Dear readers,
With the launch of e-newsletter CUHK in Focus, CUHKUPDates has retired and this site will no longer be updated. To stay abreast of the University’s latest news, please go to Thank you.

Viva Voce

Paul Lee—Promoting Community Health

<em>(Photos by ISO Staff)</em>

  • Year 5 Student of MB ChB Programme (Global Physician-Leadership Stream)

  •  Morningside College

  • Convenor cum Executive Director of the Association of Doctors for Social Responsibility

  • Founder and Chairman of the Embrace for Empathy Charity Service Project

  • Recipient of The Hong Kong Youth Service Award 2016


What drives you to engage hundreds of medical students in offering community health education?

I served as the external vice-president of the Medical Society in my first year. We organized the Health Exhibition and solicited support from more than 200 medical students to run community health talks and health screenings for free. The enjoyable experience organizing events with peers has become my driving force. Besides helping people, I also acquired event planning and fundraising skills. Isn’t it a good idea to fill several needs with one deed?

Could you please share more on the Embrace for Empathy Charity Service project?

To serve more people, I set up the project with the Hong Kong Society for Rehabilitation (HKSR), the Hong Kong Medical Association and CUHK’s Medical Society in 2015. We ran health exhibitions, basic health screenings and consultations in all the HKSR centres. The community health services have been staged in all districts on a rolling basis and benefitted more citizens.

What’s your understanding of the social responsibility of doctors?

According to the Tang doctor Sun Simiao, the basic level of doctoring lies in curing physical diseases. Those of an average level take care of both physical illnesses and mental well-being. The best doctors care for the well-being of the society. Many diseases can be prevented. Educating the community to raise their vigilance on diseases and understanding of chronic illnesses are our social responsibility.

Hong Kong’s population is ageing. The patients’ waiting time for medical appointments, which could be several months or even longer, usually ends up in several-minute consultations. Is it really difficult to find doctors? They’re in fact living in the community. To realize the idea of ‘Doctors in the Community’, I founded the Association of Doctors for Social Responsibility in August 2016 to gather like-minded doctors to offer community health services and interact with the locals.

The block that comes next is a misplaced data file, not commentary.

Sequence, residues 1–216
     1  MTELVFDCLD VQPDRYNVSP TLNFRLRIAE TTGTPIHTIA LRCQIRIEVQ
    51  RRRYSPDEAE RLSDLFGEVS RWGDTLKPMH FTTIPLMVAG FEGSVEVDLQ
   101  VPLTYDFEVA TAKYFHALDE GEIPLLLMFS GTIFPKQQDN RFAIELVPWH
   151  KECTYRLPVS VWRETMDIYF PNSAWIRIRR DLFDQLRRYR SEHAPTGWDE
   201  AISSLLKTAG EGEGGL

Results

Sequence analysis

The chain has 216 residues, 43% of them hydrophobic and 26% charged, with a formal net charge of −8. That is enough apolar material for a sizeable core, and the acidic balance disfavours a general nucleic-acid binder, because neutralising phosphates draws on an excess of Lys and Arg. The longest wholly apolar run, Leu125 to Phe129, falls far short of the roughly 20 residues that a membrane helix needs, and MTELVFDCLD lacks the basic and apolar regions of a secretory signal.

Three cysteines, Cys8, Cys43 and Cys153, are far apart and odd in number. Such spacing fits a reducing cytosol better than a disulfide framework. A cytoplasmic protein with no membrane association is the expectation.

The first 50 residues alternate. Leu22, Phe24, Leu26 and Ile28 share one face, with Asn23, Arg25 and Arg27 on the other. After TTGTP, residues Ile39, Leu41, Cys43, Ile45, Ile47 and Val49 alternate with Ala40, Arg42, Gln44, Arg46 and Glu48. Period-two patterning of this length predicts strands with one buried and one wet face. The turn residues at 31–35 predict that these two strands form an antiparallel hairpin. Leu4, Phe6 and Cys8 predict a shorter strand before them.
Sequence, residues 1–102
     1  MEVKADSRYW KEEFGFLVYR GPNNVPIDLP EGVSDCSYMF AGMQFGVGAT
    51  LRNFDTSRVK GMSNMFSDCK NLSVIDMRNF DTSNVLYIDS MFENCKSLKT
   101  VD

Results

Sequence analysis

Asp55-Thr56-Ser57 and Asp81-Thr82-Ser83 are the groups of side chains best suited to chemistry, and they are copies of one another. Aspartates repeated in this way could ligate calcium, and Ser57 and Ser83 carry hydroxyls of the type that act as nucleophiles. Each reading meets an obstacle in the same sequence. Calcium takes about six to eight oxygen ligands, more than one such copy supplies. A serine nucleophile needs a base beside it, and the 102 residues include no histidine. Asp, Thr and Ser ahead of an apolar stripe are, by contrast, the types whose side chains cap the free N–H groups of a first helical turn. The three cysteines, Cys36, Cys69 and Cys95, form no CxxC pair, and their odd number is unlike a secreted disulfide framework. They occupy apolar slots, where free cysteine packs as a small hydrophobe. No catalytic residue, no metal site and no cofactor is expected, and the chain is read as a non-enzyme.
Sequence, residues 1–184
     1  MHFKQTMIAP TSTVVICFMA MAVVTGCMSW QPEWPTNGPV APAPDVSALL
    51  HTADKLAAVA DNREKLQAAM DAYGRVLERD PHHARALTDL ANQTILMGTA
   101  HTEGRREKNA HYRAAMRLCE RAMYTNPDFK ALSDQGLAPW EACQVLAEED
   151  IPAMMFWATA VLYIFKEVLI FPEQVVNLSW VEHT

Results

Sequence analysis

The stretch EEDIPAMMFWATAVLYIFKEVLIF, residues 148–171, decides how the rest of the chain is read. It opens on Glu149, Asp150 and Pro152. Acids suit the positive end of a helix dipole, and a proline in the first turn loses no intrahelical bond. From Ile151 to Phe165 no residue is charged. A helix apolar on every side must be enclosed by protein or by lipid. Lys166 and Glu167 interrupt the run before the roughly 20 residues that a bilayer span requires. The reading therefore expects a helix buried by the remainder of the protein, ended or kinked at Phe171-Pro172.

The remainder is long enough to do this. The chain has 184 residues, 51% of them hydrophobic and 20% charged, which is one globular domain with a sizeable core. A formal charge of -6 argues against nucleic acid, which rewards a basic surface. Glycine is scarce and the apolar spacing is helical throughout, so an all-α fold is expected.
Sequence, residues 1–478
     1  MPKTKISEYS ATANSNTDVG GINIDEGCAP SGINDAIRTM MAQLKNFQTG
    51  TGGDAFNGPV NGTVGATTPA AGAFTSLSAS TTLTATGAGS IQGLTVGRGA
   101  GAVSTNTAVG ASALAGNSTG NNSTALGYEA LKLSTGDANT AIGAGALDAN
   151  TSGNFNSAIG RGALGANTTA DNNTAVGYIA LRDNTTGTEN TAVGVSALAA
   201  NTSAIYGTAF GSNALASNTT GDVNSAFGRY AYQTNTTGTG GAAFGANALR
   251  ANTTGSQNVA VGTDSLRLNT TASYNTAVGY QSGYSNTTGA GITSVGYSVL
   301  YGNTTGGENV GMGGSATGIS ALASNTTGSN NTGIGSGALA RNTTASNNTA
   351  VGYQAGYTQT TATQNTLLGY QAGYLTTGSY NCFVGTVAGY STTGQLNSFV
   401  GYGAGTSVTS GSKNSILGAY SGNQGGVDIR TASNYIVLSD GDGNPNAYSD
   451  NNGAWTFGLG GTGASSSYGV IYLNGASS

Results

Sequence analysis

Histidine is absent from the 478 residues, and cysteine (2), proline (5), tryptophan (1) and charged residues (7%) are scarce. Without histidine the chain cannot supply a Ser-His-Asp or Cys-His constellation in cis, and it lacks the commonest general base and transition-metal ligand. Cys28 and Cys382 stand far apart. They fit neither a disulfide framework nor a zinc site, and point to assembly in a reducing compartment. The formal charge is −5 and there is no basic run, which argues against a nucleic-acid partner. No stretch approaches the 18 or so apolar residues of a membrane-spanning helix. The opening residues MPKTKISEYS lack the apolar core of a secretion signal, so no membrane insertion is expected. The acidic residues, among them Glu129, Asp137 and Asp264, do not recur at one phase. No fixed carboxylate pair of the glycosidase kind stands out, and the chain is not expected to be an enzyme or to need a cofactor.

Mr. Rimsky Yuen <em>(left)</em>, Secretary for Justice, presenting the Hong Kong Youth Service Award to Paul Lee

You are also active in various organizations and voluntary teaching for ethnic minority groups. What's your secret in time management?

Modern people are used to tight schedules. The difference lies in our priorities. To me, dating shouldn’t be confined to watching movies or going to cafes. Family gatherings could be more than simply enjoying dim sum on Sundays. Why don’t we participate in social services together? Working together in the events is also a channel for communication and a precious collective memory.

How does CUHK’s Faculty of Medicine inspire you?

Our faculty members are active in social services. The ways they live their beliefs are impactful on us. For instance, Prof. Emily Chan commits herself to humanitarian relief and disaster prevention work; Prof. Martin Wong has served for years in the Hong Kong Red Cross and the Regeneration Society. The Global Physician-Leadership Stream of the Faculty offers a one-to-one mentorship scheme that assigns students to mentors distinguished in various fields. My mentor Prof. Justin C.Y. Wu promotes integrative medicine and preventive medicine, and assumes crucial roles in a number of international organizations. His rich life experience has broadened my understanding of doctoring.

Any unforgettable snapshot in College?

People are the most important element of the College. I’m fortunate enough to have built genuine friendships here. My Pakistani roommate told me about the local ethnic minority groups lacking resources and social mobility. I thereby launched a concern group and invited some university students to provide them with voluntary tutoring. Now we have served more than 10 public estates. In addition, I also invited some college friends from various academic backgrounds to contribute their professional support to the Association of Doctors for Social Responsibility, such as accounting, public relations and information technology. I wish to sow the seeds of love with them.

This article was originally published in No. 501, Newsletter in Aug 2017.

students MBChB Programme Global Physician-Leadership Stream Morningside College Medical Society Hong Kong Youth Service Award Faculty of Medicine Paul Lee